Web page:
Looking back the achievements and challenges of Education for All, and envisioning the future collaboration and education post-2015

By on 04.05.2015 in Seminars

In April, UNESCO released the new edition of the Education for All (EFA) Global Monitoring Report (GMR) “Education for All 2000-2015: Achievements and Challenges”. A national launch of the report was organized by the Nordic Centre of Excellence ‘Justice through Education in the Nordic Countries’, Faculty of Behavioural Sciences, and Global South network at the University of Helsinki and the Faculty of Education at the University of Jyväskylä in collaboration with the Ministry of Education and Culture and the Ministry for Foreign Affairs, in Helsinki on 10 April.
About 50 participants listened to researcher Asma Zubairi from the UNESCO global monitoring team presenting the main findings of the freshly released report. Zubairi stated that there has been much education progress since 2000, but the goals of Education for All have not been reached, and major inequalities in education remain. Only a third of countries have achieved all of the measurable EFA goals. The EFA report reveals that there are still 100 million children who will not complete primary school in 2015, progress in reducing the adult illiteracy rates has been slower than expected, and the gender gaps remain in primary and secondary education as well as in adult literacy.

According to the EFA report, many countries have made progress in the access to education. The quality of education is also becoming more important, and the number of countries that monitor learning outcomes in order to improve education quality has doubled. However, the quality of education remains a substantial challenge. The good quality of education is related to the good quality of teachers and teacher education. The global challenge of teacher education is that less than 75% of primary school teachers were trained according to national standards in 30 countries out of the 91 countries with data for 2012. In six of these countries, the ratio of trained teachers was less than 50%.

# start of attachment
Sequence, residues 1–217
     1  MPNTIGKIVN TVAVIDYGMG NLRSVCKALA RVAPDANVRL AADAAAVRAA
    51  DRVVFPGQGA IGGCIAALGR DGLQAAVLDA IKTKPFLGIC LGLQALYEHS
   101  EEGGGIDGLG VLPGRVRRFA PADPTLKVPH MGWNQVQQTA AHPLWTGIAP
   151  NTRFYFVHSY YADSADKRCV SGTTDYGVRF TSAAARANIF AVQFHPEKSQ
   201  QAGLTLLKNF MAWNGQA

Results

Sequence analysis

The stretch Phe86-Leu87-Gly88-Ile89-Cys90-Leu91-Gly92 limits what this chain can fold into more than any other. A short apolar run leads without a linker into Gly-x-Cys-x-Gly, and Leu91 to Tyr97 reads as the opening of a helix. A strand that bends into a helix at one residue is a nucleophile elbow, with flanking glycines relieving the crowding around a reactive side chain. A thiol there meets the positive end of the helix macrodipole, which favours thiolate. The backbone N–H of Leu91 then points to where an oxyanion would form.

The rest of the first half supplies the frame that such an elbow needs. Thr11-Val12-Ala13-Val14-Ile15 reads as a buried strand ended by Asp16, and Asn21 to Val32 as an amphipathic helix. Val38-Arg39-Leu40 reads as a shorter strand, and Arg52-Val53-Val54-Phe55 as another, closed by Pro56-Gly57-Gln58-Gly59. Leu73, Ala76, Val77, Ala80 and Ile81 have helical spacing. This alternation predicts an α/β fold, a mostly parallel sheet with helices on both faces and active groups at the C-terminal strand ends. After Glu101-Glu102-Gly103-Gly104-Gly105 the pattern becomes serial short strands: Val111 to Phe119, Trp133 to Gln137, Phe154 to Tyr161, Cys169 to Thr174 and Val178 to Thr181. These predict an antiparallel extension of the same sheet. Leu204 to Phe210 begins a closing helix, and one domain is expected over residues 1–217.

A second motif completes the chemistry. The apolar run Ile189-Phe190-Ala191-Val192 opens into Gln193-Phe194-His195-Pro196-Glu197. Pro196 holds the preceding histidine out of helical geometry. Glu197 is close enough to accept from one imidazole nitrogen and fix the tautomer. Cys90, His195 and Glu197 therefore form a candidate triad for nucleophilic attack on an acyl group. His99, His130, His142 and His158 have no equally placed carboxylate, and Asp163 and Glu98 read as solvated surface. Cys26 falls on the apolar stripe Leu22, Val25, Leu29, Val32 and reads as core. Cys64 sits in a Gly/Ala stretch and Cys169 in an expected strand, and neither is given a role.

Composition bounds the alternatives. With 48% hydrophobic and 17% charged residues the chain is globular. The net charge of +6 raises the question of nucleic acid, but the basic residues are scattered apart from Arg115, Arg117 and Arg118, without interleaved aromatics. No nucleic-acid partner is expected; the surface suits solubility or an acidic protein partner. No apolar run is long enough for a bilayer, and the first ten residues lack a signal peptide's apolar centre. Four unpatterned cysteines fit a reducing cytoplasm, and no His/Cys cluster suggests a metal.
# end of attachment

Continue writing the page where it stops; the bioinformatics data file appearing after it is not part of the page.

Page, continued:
The second part of the launch event focused on the future work and education post-2015. Professor Gunilla Holm chaired a roundtable discussion with seven representatives from Finnish ministries, academia, and civil society organizations. The post-2015 agenda encourages all countries to improve their policies coherently towards sustainable development. This requires intensified cross-sectoral cooperation and multi-stakeholder approach. The panelists discussed the key messages of the report and envisioned future collaboration possibilities across sectors.

The launch event brought a variety of stakeholders together to discuss education development. Additionally, the event aimed at providing policy advice for the Finnish delegation in World Education Forum which will be held 19-22 May in Incheon, in the Republic of Korea.

To download the full EFA report and to learn more about the report and the education post 2015, please visit the EFA GMR pages of the UNESCO website at http://en.unesco.org/gem-report/


Reference: UNESCO 2015. Education for All 2000-2015: Achievements and Challenges. Paris: UNESCO.


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